This rig drilled Norway’s first offshore well, and made the country’s first oil discovery

  • Exploration & Production
This rig drilled Norway’s first offshore well, and made the country’s first oil discovery
Image source: Norwegian Oil and Gas Association

The drilling rig shown above was the first unit to have drilled for oil on the Norwegian continental shelf, and the first to discover oil, however, not in one attempt.

Conveniently named the Ocean Traveler, the rig had traveled across the Atlantic for 52 days on a 13.000 kilometers-long voyage from Louisiana U.S.A. before it reached Norway in June 1966.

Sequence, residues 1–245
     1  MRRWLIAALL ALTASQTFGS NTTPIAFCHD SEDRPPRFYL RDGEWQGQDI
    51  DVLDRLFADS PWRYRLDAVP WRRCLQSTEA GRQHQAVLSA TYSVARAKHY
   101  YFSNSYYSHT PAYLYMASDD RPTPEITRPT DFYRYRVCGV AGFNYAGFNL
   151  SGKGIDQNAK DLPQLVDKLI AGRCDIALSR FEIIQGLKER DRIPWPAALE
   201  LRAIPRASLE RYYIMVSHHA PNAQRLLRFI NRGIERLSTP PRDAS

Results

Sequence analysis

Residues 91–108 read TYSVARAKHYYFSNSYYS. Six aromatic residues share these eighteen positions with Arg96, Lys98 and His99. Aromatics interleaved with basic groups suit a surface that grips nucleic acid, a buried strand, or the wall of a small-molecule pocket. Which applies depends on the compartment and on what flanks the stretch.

Operated by ExxonMobil’s Esso, the drilling rig spudded Norway’s first offshore well – 8/3-1 – on July 19, 1966.

However, after days of drilling the well using the ODECO owned drilling unit, Esso said the well was dry.

Not long after, a little less than a year, on July 9, 1967, Esso made it. The company struck oil at the 25/11-1 well, in license 001, 190 km west of Stavanger, using the same drilling rig.

While the well was the first discovery on the NCS, the volumes discovered were deemed non-commercial. However non-commercial, the well made history, and marked the start of Norway’s oil and gas bonanza.

Also, it would later turn out that well hadn’t been such a failure after all, as it had struck the eastern extension of the Balder field, developed by Exxon more than 30 years later in 1999. The field is expected to remain in production until 2025.

Offshore Energy Today Staff

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